The discharge of a debtor under the Bankruptcy (Scotland) Acts discharges the debtor from liability for debts due as at the date of sequestration. However, it does not bring the sequestration itself to an end.
Since April 2015, the decision on whether to grant or defer a debtor’s discharge under the Acts has rested with the Accountant in Bankruptcy (“AIB”).
Upon the AIB making a decision about discharge at first instance, certain parties have the right under the legislation to request a review of that decision. That review is undertaken by a different team within the AIB’s office. If parties remain dissatisfied with the AIB’s decision following review, there is a right of appeal to the sheriff.
But what is the difference between a “review” and an “appeal”? What can be done if the AIB’s review reaches a different conclusion from the decision at first instance, without having seen any additional evidence or representations?
Challenging the AIB’s decision
This was the issue considered in the appeal Reid (Taylor’s Trustee) v Accountant in Bankruptcy  SC ABE 52 (29 May 2019, published on Scottish Courts’ website, 17 June 2019).
Under the Bankruptcy (Scotland) Act 2016, the current process is that the AIB may grant a certificate of discharge in relation to a debtor at any time after the 12-month anniversary of the award of sequestration. In doing so, the AIB must consider a report issued by the trustee that contains certain prescribed information.
In this case, the trustee had recommended that the debtor not be discharged. Reasons given by the trustee included:
- assets had gone missing. The explanation for their loss did not satisfy the trustee;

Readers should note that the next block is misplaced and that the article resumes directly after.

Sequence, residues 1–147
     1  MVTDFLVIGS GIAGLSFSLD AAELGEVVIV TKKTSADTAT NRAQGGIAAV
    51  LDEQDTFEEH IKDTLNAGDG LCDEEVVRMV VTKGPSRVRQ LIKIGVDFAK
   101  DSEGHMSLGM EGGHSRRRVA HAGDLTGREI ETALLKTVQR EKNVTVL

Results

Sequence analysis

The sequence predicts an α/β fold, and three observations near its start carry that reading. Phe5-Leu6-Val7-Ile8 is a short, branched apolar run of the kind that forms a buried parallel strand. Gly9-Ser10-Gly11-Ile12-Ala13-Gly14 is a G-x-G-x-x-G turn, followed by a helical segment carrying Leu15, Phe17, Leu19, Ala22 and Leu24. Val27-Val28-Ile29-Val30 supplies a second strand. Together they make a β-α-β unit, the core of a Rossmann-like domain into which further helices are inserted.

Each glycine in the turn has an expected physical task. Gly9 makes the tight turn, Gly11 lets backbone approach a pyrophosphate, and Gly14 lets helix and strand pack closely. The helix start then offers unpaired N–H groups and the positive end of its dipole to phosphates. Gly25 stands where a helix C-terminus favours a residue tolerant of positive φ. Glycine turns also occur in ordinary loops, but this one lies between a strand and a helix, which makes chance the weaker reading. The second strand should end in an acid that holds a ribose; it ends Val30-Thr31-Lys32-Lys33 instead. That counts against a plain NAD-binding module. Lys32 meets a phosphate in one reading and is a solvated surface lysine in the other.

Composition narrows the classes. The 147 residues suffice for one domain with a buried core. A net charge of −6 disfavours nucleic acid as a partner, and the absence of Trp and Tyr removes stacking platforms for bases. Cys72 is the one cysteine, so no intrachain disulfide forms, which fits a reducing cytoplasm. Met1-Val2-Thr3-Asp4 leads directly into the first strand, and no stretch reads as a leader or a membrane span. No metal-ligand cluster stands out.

- multiple reports of potentially criminal activity had not yet been dealt with;
- the trustee believed an examination of the debtor would be required. Discharge might hamper that process.
The AIB’s position
At first instance the AIB refused the discharge. However, the debtor exercised her right to seek a review and though little, if any, new evidence was provided, following review the discharge was granted.
The AIB set out in a letter its reasons for reversing the original decision. That letter examined the factors which the AIB is obliged to consider. It confirmed that the AIB considered that full and fair surrender of the estate had been made by the debtor. There was no suggestion that the debtor had not co-operated with the trustee, or that the trustee was unable to carry out their functions. It was not denied that assets were missing but the AIB accepted the explanation given by the debtor.
In relation to the private examination, the AIB noted that there was nothing in the Act requiring a debtor to be undischarged for such an examination to take place.
The AIB did note that the debtor remained a director of a limited company, contravening her statement of undertakings. However, the AIB accepted that the debtor was not in fact acting as director. Consequently, she was simply directed to apply to be removed immediately as a named director of the business.
The sheriff’s decision
Under the 2016 Act, appeal against a decision of the AIB following review is to the sheriff by summary application. The trustee and a creditor each appealed. Under the Act such an appeal may be on a matter of fact, point of law or the merits.
The court identified that the grant of a discharge is a discretionary decision of the AIB. The sheriff was therefore acting as an appellate court in relation to a discretionary decision. As the sheriff summarised, “it is not for me to second guess the decision of the AIB or to carry out afresh the balancing act AIB is required to perform in the review process as though I was rehearing the case… unless I am satisfied that AIB has acted unlawfully, in which case I can consider the matter on the merits”.
However, when the AIB is carrying out a review, the AIB is not performing an appellate function. It is legitimate for the AIB to look at the material which was before the original decision-maker (and any new material) and reach a different decision. The function of a review was to consider matters ab initio. That differs from the function of the sheriff at appeal.
As a result, the appeal was refused. Notably, the court was unwilling to engage in a rehearing of the arguments, for it reasoned that the sheriff’s function was to consider whether there had been procedural errors, factual errors or unjustified conclusions. The sheriff concluded there had not been.
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